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Home / Health & Science

Dog disease that drives goats, sheep crazy

Health & ScienceBy Gardy Chacha | Mon,Nov 08 2021 09:00:00 UTC | 4 min read


Chebo Chebunyo fetching water while dogs quench their thirst at Lokiwach water pan in Silale ward in Baringo county on January 30, 2019. [Kipsang Joseph, Standard]

Dogs are said to be man’s best friend, but this friendship exposes people to diseases like rabies. Besides rabies, there is also coenurosis, another dog disease that closely resembles rabies. The Maasai people even have a name for it: ‘Ormilo’.

Coenurosis is a zoonotic disease caused by the larval stages of Taenia species of tapeworms such as T multiceps and T serialis. It is very rare in humans. The world over, there have been about 30 confirmed cases of human central nervous system (CNS) coenurosis with the cases reported in Asia, Africa, the Americas and Europe.

The disease is also common in sheep and goats. Like human beings, goats and sheep get infected by consuming eggs – deposited with dog faeces onto grazing pasture or watering points.

“Dogs become infected by eating meat tissue of an infected intermediate host (containing a coenuri),” Mudoga says, adding the parasitic forms will then attach themselves onto the small intestine of the dog and develop into adult tapeworms.

“The adult tapeworms produce and release eggs inside the small intestines of the dog to start the lifecycle all over again,” Mudoga says.

Moses Nkiminis, a livestock owner says, ormilo in sheep and goats is not new in Kajiado and “it comes in waves: when it attacks, many goats and sheep just go mad. It may take months but eventually the animal dies.”

Humans become infected after accidental ingestion of eggs in food and water contaminated by faeces of the infected dog.

Eggs hatch in the intestine and release larval forms, which penetrate into the circulatory system; moving with blood until they lodge in a target organ: the brain, eyes and muscle tissues. Once lodged they develop into parasitic bodies called coenuri after about three months.

Mid last month, the Kajiado County government, in partnership with Action for Protection of Animals Africa (APAA), rolled out a campaign in which Jackline Koin, county Agriculture, Livestock and Fisheries executive, said, “We are targeting at least 4,000 dogs. We will be vaccinating them against rabies and deworming against ormilo.”

Dr Emily Mudoga, a veterinarian and a director at APAA, says though symptoms are similar, rabies – often transmitted to humans through bites of infected dogs – kills a victim quickly, “within two weeks”.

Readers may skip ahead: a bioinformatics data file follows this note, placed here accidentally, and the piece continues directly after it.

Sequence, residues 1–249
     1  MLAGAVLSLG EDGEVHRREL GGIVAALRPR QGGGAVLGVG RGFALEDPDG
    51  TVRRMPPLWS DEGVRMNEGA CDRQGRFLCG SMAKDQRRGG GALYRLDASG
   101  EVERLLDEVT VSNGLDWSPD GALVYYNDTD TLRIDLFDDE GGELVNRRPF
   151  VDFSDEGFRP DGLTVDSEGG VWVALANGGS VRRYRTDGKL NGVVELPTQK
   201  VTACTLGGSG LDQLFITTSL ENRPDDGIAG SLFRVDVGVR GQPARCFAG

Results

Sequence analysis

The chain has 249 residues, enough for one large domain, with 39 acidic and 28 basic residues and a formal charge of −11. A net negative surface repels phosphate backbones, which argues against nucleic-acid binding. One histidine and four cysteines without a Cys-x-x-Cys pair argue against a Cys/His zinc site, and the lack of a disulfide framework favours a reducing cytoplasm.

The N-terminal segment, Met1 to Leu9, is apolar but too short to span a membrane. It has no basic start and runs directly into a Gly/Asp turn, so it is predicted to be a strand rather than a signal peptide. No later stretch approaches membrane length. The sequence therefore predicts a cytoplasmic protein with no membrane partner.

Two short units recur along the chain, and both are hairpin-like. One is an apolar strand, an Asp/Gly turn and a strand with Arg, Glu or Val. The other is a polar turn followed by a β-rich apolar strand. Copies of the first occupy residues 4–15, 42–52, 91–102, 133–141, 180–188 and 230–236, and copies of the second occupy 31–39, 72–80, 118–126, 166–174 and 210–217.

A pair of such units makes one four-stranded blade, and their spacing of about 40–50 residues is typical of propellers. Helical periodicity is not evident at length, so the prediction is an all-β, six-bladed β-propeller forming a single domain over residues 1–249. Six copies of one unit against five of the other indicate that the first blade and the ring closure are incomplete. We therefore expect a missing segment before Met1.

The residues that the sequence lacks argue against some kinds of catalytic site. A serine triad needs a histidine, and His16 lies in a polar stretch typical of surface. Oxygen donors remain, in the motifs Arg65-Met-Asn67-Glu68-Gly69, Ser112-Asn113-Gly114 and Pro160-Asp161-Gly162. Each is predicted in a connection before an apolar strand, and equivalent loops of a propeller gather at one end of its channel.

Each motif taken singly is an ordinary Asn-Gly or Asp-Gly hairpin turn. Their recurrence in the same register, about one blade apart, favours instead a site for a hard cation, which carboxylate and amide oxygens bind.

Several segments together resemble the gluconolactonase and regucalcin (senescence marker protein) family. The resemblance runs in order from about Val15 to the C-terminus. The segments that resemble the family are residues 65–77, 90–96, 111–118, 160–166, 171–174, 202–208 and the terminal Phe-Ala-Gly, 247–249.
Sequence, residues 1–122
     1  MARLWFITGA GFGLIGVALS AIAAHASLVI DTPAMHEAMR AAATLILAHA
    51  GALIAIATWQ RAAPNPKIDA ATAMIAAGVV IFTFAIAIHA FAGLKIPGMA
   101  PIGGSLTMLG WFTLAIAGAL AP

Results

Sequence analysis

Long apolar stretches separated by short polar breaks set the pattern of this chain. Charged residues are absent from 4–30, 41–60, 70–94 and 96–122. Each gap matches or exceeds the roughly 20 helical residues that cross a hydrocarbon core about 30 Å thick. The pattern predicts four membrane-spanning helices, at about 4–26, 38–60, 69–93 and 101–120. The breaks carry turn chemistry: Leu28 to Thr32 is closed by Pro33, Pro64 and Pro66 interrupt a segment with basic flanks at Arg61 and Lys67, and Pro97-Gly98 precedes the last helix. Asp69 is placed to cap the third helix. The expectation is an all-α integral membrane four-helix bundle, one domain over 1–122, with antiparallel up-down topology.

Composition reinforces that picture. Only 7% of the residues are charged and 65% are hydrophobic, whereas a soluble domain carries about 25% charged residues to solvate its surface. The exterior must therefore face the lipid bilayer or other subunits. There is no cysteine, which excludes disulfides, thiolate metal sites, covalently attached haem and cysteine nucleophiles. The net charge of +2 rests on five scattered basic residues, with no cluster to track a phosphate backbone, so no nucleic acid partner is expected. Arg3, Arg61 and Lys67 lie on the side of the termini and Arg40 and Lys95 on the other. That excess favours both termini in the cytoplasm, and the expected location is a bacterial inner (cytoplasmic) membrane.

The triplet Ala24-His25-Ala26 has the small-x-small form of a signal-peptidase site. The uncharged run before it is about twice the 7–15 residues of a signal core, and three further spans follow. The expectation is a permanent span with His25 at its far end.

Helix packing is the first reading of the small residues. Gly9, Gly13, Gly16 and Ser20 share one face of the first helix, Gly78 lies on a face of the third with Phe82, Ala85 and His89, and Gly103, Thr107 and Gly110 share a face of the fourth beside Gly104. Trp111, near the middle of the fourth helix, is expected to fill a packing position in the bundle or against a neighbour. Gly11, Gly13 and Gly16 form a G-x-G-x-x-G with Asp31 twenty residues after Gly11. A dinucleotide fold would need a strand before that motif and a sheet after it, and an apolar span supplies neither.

Mudoga says coenurosis is fatal too, but one might suffer for months and years before finally succumbing. The greatest challenge is that it is rare and a patient may never receive the correct diagnosis – suffering through their illness till death.

“Many a time it will go unnoticed. Usually, someone would suddenly suffer a form of blindness or a form of neurological disease that proves difficult to diagnose and treat. The disease can also be misdiagnosed as rabies, meningitis or even cancer,” explains Mudoga.

Volume 92 of the International Journal of Infectious Diseases cites the case of  a 38-year-old patient who was initially diagnosed with low-grade B-cell lymphoma after presenting visual disturbance and a headache. An MRI revealed a ring-shaped lesion in the part of the brain that interprets vision.

A biopsy was subsequently tested and a diagnosis of cancer issued. Chemotherapy was initiated and later a surgical resection of the lesion to completely remove it.

Pathological examination after surgery showed multiple tapeworm heads with hooklets and suckers. The patient had coenurosis.

According to Mudoga, coenurosis is always lurking in the shadows where sheep, goats and dogs share an ecosystem, and humans are always at risk.

“It is highly possible that we have patients who get coenurosis – especially in pastoralist areas – and die without ever being properly diagnosed. The disease is already with our livestock and as a zoonotic disease, it is just one step away from getting to humans,” he says.

The dog, for a pastoralist, is more than a best friend. “It is a personal assistant for a herder. It gives protection to the herd, especially against wild animals,” says Gideon Parsanga, an assistant chief in charge of Olo-Elelai sub-location in Bisil, Kajiado.

“We slaughter goats and sheep to mark ceremonies; to celebrate achievements; or to make merry. And of course our dogs eat the bits of meat that we throw away,” Nkimis said.

This then perpetuates the tapeworm’s lifecycle and hence its survival in the environment.

The best – and most cost-effective – way of eradicating coenurosis is by deworming dogs, Mudoga says, since when “you eliminate it in the dog then it cannot jump to man; neither sheep nor goats.”

Deworming is also the cheapest way of dealing with the parasite, considering “once a human is infected long-term treatment and surgery might be the only way to treat it. These can cost thousands or even millions of shillings. Deworming a dog, on the other hand costs, between Sh70 and Sh150 – the cost of buying a tablet.” Dogs need to be dewormed every three months (for working dogs) and every six months for pet dogs.

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